It’s now clear that this version of events is wrong, thanks to a number of Genovese revisionists who have emerged over the years. They include Jim Rasenberger, a journalist who has written a couple of influential articles about the case, notably one in the Times, in 2004; and Rachel Manning, Mark Levine, and Alan Collins, the authors of a 2007 article in American Psychologist (which quotes from, and debunks, the textbook rendering). The essential facts are these. Winston Moseley had been out in his car, looking for a victim, when he came across Genovese driving home from work. He followed her. She parked at the Kew Gardens train station, adjacent to her apartment. Moseley parked, too, and attacked her with a hunting knife. She screamed, and a man named Robert Mozer opened his window and shouted, “Leave that girl alone!” Moseley ran away. Genovese, wounded but not mortally, staggered to the back of her apartment building and went inside a vestibule. Moseley returned, found her, and attacked again, stabbing her and assaulting her sexually. He fled again before she died.
The Times story was inaccurate in a number of significant ways. There were two attacks, not three. Only a handful of people saw the first clearly and only one saw the second, because it took place indoors, within the vestibule. The reason there were two attacks was that Robert Mozer, far from being a “silent witness,” yelled at Moseley when he heard Genovese’s screams and drove him away. Two people called the police. When the ambulance arrived at the scene—precisely because neighbors had called for help—Genovese, still alive, lay in the arms of a neighbor named Sophia Farrar, who had courageously left her apartment to go to the crime scene, even though she had no way of knowing that the murderer had fled,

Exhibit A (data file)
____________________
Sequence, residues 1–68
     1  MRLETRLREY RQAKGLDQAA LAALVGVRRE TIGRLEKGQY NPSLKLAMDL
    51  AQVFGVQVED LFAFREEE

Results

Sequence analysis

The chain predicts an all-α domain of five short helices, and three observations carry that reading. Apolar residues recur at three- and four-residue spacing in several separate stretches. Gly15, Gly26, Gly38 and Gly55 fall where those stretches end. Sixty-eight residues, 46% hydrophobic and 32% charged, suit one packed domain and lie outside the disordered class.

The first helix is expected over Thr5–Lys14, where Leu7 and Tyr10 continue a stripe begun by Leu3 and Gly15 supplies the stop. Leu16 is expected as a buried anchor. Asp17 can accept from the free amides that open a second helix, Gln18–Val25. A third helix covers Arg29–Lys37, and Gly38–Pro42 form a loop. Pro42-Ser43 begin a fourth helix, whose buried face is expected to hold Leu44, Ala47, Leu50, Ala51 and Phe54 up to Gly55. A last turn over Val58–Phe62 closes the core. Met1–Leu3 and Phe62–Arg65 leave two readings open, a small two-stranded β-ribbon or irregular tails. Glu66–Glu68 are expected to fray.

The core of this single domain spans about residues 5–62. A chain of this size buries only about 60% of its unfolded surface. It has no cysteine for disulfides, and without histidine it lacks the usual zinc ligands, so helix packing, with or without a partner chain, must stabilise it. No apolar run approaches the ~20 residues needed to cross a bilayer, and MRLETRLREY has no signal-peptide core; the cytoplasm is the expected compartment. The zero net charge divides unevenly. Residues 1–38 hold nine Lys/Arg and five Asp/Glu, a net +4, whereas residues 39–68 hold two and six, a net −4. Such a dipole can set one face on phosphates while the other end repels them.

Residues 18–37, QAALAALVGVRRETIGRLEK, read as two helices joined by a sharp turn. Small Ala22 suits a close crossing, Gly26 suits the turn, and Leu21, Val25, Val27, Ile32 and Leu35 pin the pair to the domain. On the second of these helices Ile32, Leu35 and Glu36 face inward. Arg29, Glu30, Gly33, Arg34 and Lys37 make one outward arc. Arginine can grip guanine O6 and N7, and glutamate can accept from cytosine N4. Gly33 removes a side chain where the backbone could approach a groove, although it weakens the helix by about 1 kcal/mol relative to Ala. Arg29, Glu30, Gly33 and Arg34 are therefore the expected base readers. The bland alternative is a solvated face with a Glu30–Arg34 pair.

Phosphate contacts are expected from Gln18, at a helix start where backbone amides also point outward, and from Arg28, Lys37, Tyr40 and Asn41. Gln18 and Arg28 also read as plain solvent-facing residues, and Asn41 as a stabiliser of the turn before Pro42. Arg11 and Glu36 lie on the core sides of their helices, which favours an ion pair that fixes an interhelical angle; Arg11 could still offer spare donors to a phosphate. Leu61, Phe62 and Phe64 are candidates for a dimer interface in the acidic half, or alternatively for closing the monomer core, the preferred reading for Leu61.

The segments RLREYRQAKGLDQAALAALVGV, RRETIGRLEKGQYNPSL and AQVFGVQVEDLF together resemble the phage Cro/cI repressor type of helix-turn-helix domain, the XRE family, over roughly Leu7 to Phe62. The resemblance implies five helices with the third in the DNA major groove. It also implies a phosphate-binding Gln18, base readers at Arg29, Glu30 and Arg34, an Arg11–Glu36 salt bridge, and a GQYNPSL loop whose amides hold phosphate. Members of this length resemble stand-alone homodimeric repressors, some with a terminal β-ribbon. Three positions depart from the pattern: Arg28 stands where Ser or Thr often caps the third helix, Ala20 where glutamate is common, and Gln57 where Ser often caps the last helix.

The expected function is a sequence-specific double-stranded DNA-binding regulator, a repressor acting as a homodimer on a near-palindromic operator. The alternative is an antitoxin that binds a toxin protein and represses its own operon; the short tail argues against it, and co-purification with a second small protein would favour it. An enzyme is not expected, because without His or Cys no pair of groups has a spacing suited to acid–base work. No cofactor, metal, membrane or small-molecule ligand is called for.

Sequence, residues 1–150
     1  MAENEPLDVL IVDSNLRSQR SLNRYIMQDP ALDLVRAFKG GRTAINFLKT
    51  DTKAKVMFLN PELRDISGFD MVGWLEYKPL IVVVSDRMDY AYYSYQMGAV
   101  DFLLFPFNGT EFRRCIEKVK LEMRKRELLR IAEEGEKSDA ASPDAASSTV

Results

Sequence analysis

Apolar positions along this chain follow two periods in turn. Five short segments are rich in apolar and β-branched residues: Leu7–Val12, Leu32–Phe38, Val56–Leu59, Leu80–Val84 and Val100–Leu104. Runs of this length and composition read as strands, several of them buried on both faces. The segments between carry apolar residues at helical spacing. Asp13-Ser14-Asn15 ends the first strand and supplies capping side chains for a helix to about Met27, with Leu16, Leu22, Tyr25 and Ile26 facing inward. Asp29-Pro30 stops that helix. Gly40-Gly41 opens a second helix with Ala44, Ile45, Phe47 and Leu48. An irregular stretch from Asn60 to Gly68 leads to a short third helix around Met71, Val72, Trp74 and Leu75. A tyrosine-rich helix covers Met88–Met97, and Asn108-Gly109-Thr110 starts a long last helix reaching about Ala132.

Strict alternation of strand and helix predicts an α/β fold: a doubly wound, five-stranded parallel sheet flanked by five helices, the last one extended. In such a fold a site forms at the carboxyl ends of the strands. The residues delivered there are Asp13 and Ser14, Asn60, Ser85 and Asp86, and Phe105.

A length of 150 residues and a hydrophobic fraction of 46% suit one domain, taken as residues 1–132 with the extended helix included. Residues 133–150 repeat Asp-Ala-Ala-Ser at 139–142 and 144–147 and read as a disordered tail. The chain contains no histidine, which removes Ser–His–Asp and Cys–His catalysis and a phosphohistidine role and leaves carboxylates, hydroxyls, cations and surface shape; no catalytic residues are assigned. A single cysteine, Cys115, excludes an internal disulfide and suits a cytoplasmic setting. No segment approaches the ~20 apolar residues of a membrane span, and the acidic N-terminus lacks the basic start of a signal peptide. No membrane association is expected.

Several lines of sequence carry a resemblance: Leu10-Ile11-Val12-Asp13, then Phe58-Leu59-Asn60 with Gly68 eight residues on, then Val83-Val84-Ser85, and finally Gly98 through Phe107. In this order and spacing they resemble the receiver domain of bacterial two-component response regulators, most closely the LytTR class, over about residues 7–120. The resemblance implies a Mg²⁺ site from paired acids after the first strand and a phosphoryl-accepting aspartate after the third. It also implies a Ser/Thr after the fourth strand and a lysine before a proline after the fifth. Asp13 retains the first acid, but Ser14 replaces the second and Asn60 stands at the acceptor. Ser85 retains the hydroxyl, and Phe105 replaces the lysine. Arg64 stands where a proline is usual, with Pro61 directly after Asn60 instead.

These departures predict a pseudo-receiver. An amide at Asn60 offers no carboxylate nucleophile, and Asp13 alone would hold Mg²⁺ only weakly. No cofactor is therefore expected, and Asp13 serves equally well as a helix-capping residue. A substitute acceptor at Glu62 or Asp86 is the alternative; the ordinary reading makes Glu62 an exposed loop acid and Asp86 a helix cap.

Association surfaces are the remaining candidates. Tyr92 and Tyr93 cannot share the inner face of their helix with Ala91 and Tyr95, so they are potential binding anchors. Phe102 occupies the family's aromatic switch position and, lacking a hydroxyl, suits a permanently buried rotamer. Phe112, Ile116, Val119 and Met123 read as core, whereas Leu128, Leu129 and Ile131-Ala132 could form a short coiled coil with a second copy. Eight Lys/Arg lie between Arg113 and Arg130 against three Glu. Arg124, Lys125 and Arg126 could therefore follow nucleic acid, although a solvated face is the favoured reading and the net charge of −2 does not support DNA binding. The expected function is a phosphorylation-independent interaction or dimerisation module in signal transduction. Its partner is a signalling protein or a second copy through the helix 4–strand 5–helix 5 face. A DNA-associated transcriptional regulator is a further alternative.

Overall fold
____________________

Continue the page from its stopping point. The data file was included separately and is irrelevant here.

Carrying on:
The one indisputable villain in the Genovese case, other than Moseley, was Joseph Fink, who worked in the apartment building across the street from where Genovese lived. He saw the first attack, did nothing, and, after Moseley had fled, took a nap in the basement, rather than going outside to help Genovese. A more ambiguous figure was Karl Ross, a friend and neighbor of Genovese’s, who was drunk that night. He heard the first attack and did nothing. The second attack occurred in the vestibule outside his apartment door. He opened the door a crack, saw Moseley plunging a knife into Genovese, and closed the door, terrified. He made a couple of phone calls, the first to a friend on Long Island, who advised him to do nothing, the second to a neighbor in the building, who told him to come over. Ross crawled out of his window, across the roof, and into a neighbor’s apartment, and eventually called the police. It may or may not be relevant that Ross was thought to be gay, at a time when gay New Yorkers had a lot to fear, both from attackers on the street and from the police. Three months before the murder, Rosenthal had assigned a five-thousand-word story that ran on the Times’ front page under the headline “GROWTH OF OVERT HOMOSEXUALITY IN CITY PROVOKES WIDE CONCERN.” The fact that Kitty Genovese herself was gay evidently escaped his notice.
IOW had Abe known Kitty was gay he might well have cheered Mosley on
After all consider his gravestone.
Abe ran a virtual Reign of Terror at the NYT, making it plain that any gays r lesbians on the paper thinking of leaving the closet had better not do so.
One of them was his right-hand man Jeffrey Schmalz
who virtually “Outed Himself” when, sick with AIDS, re collapsed on the copy room floor with a grand mal seizure
Time for a new NYT editorial board — right boys?